Prevention, not panic

They used a method of horizon scanning to identify future threats that require preventative action, and opportunities to be taken advantage of, in order to protect the insects, birds, mammals, and reptiles that pollinate wild flowers and crops.

"35% of global crop production, and 85% of wild flowering plants rely on hard-working pollinators to thrive. We are increasingly adopting practices that damage these species. Then, we rather absurdly look to mitigate their loss, rather than prevent it in the first place," explained Professor Brown.

"This is an expensive and back-to-front solution for a problem that has very real consequences for our well-being," Brown continued, "Most research focuses on the battles already being fought, not on the war to come."

Priority pollinator challenges

Out of a long-list of sixty risks to, and opportunities for pollinators the team identified 6 high priority issues, including:

1) Corporate control of agriculture at the global scale

2) Sulfoximine, a novel systemic class of insecticides

3) New emerging viruses

4) Increased diversity of managed pollinator species

5) Effects of extreme weather under climate change

6) Reductions in chemical use in non-agricultural settings

The research highlights consolidation of the agri-food industries as a major potential threat to pollinators, with a small numbers of companies now having unprecedented control of land.

The rise in transnational land deals for crop production, for example the use of large areas of Brazil for soybean export to China, now occupies over 40 million hectares.

"The homogenization of agriculture effectively means that corporations are applying blanket production systems to landscapes that are vastly different, significantly reducing the diversity and number of native pollinators," explained Sarina Jepsen, Director of Endangered Species and Aquatic Programs, The Xerces Society and Deputy Chair, IUCN Bumblebee Specialist Group.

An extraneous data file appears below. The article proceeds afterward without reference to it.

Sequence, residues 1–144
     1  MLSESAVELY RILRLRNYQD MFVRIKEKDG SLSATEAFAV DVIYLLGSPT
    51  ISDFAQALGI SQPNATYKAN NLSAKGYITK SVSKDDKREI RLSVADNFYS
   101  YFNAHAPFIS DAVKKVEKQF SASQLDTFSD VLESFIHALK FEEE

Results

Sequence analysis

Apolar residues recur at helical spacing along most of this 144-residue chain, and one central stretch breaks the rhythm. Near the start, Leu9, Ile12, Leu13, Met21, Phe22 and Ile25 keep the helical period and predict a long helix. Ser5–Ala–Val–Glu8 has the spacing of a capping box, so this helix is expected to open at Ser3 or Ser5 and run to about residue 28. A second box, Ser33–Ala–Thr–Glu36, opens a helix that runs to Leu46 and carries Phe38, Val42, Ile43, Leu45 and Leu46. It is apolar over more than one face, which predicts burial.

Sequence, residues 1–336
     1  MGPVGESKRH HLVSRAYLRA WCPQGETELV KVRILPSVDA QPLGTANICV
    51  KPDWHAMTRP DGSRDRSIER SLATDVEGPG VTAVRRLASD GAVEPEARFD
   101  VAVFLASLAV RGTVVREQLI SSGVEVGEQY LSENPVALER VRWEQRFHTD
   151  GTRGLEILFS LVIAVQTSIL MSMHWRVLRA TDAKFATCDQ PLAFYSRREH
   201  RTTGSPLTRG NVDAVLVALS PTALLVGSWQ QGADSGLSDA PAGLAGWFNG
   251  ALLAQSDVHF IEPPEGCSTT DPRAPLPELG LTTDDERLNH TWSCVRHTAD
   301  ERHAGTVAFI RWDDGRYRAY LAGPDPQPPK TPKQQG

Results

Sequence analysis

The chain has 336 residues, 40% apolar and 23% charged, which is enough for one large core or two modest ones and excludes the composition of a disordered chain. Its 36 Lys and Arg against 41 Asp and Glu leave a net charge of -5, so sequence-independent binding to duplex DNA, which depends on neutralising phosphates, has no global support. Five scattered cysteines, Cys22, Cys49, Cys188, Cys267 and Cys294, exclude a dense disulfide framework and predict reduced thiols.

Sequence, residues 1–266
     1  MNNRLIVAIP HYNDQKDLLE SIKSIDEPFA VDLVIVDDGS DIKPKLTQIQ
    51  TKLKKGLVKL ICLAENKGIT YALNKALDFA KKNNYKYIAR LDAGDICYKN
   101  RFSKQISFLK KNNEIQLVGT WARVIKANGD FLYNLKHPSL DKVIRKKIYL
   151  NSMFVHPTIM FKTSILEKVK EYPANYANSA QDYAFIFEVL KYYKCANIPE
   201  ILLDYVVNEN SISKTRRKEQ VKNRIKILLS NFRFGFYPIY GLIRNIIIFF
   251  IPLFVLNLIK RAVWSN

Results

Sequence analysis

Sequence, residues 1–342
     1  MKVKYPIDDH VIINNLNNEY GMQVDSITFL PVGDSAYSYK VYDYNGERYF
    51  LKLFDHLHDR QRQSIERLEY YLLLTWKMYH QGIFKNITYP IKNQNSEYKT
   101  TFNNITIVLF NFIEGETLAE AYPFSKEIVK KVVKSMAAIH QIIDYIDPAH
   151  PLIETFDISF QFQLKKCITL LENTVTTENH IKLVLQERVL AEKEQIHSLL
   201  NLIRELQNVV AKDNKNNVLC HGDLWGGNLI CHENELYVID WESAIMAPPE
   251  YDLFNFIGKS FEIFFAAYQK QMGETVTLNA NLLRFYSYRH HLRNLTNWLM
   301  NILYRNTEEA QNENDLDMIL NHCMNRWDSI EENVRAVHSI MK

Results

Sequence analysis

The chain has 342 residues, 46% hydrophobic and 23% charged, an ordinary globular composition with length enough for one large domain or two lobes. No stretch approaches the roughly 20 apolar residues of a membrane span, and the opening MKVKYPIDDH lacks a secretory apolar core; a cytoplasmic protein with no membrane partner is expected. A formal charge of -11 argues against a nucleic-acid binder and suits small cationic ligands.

Positives on the horizon

Professor Brown continued, "However, it is not all doom and gloom. For example, such global domination provides an opportunity to influence land-management to make it favourable for pollinators at huge scales, but this would require the agri-food industry to work closely together with NGOs and researchers."

Speaking about the influence of new insecticides, co-author, Lynn Dicks from the Department of Zoology at the University of Cambridge said, "Identifying environmental issues in advance, before they become large scale, allows society to plan responses and reduce environmental risks before they are upon us. It is a routine part of strategic planning in financial management, and it should also be routine in environmental planning and policymaking. Many of the pollinator issues we identified on the horizon can be responded to right now, for example by working with corporations already controlling large areas of agricultural land to develop pollinator management strategies, or by planning research on the sub-lethal effects of sulfoxaflor before it is widely used."